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Building Blocks for Personal Brands

Building Blocks for Personal Brands

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Published by lisacarlucci
Thomas, Lisa Carlucci. "Building Blocks for Personal Brands." Social Eyes. Journal of Web Librarianship 5.2 (2011).
Thomas, Lisa Carlucci. "Building Blocks for Personal Brands." Social Eyes. Journal of Web Librarianship 5.2 (2011).

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Published by: lisacarlucci on Apr 15, 2011
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Building Blocks for Personal Brands Social Eyes, Journal of Web Librarianship Lisa Carlucci Thomas Digital Services

Librarian Southern Connecticut State University

At the 2011 ALA Midwinter Conference, the ACRL New Members Discussion Group presented a panel on ³Personal Branding for New Librarians.´ Moderated by Bohyun Kim (Florida International University), the panel featured four librarians speaking about their individual experiences and approaches to personal branding: Brett Bonfield (Collingswood Public Library, NJ), Kiyomi Deards (University of Nebraska Lincoln), Lisa Carlucci Thomas (Southern Connecticut State University) and Andromeda Yelton (recent graduate, Simmons College). The ALA New Members Round Table published an excellent summary of the presentation written by Andromeda Yelton in their newsletter, Footnotes. In it, Yelton covered the panel discussion and more, highlighting three ³common themes´ of the discussion: ³relationships, reputation, and responsibility´ (2011). Steven Bell (Temple University), a columnist for Library Journal, provided an overview in his article ³The WHY of Your Brand.´ When it comes to personal branding, Bell writes, ³all your actions and messages must emerge from [those] core beliefs and they must be consistent´ (2011). In these articles, Yelton and Bell each draw attention to remarks I made regarding a core aspect of personal branding: establishing professional relationships. This action is one of four critical building blocks necessary to support your personal brand and develop it into a credible, recognizable, representation of you and your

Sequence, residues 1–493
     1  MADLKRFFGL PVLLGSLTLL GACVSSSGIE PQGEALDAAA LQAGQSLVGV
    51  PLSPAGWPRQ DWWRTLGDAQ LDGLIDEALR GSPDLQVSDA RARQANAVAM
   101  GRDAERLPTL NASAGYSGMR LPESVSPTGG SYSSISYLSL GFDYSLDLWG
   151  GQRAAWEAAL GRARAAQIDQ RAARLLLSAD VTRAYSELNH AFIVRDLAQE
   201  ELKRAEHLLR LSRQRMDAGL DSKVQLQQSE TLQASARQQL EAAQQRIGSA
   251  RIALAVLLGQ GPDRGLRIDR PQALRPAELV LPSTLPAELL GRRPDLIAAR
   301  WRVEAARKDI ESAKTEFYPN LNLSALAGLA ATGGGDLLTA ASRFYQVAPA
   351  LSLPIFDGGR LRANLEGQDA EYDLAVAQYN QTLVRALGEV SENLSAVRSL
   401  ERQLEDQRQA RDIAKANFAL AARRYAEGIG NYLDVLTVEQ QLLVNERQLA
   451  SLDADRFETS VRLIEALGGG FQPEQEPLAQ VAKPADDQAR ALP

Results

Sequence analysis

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work. The four essential building blocks for personal brands are: name, message, channels, and bridges.

Building Block 1: What¶s My Name? Start by deciding on a brand name: will you use your given name or invent a business name? Will you abbreviate the name or perhaps use initials? Select a version of your brand name that is easy to read and spell phonetically; and ideally, isn¶t too long. Longer names take up prime real estate in text-limited environments, such as Twitter and SMS, and can also be more difficult for your connections to remember and spell correctly. Once a brand name has been chosen, be sure to Google it to determine originality and to eliminate any inadvertent associations with unlikely affiliates of the same name. And don¶t forget to search it on leading social networks. Utilities namechk (http://namechk.com) and knowem (http://knowem.com) search across numerous social networks and allow you to view name availability results at a glance.

Building Block 2: Refine the Message A brand represents a particular service, product, or experience to those who engage with it. It¶s imperative to develop a definitive understanding of the brand for yourself before you go public and revisit it regularly after the brand is launched. This doesn¶t mean that your message won¶t expand or evolve; on the contrary, it should evolve. However, you must be able to clearly articulate the value and purpose of your brand. What separates your brand from others? What are the skills and knowledge that make you unique? What will you bring to the table? Social business expert Chris Brogan advises that you should build your brand around ³whatever matters

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most to you, and also what you are capable of sustaining´ (2008). Write down your message. Can you sustain it? Brogan¶s website offers a wealth of down to earth, practical advice for personal branding suitable for beginners and beyond. Check it out at http://www.chrisbrogan.com.